Gallery: Zero Emission Pavilion Made From Hundreds of Seasonal Tree Cut...

 
This glowing green pavilion made of seasonal wood cuttings was built for the third annual Climate Week in Hamburg, where it embodied the event's ethos in an eye-catching architectural installation. Berlin-based partnerundpartner was asked to design the pavilion as an example of a sustainable temporary structure that utilized Cradle to Cradle design principles. Accordingly, all of the materials that made up the structure were either returned or recycled after it was taken down. Seasonal wood cuttings from nearby forests were used to create the exterior of the pavilion, which glowed green at night, and except for the transport of the materials, the entire building was operated with zero emissions.

To build the temporary pavilion, partnerundpartner followed the basic rules of “Cradle to Cradle”, so the structure is a CO2-positive space installation, and completely recyclable. Built from wood, sisal rope, dowels, fabric, and a supporting frame, the pavilion is completely covered in branches and tree trunks. The wood was sourced nearby during seasonal wood cutting, which is regularly done to improve the health of the forest. The branches and trunks were cut and transported (some via horse!) into Hamburg where they were attached to a substructure. After attaching, the branches and limbs were trimmed back to give it the final appearance.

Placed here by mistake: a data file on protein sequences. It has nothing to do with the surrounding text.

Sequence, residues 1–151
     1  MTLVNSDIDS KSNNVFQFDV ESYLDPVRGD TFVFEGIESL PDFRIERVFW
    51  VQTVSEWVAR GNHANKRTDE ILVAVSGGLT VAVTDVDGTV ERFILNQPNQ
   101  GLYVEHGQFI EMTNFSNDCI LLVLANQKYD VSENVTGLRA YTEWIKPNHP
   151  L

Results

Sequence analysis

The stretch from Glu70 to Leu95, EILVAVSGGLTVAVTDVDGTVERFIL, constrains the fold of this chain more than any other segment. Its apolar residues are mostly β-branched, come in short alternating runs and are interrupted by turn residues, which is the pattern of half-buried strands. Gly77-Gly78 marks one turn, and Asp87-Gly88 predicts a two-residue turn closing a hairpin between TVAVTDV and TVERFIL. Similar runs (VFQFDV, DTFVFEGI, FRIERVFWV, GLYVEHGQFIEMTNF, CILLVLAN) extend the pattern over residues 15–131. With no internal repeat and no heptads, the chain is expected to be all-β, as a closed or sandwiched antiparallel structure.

The result resembles a pile of twigs that you could crawl into and an eerie light made the pavilion glow like a green lantern. Visitors to Climate Week enjoyed walking around and inside the pavilion and attended several events there. After the week was over, the structure was dismantled and the wood was returned to the forest where it was chopped up and spread on the forest floor. The wood chips will be used as nutrient matter for the forest soil. The rest of the materials were either returned or recycled to ensure that the entire life-cycle created no waste. The Zero Emission Pavilion exemplifies the life cycle of a building condensed to a temporary period of time.

+ partnerundpartner

+ Hamburg Climate Week

Images ©Anne Oschatz courtesy of partnerundpartner

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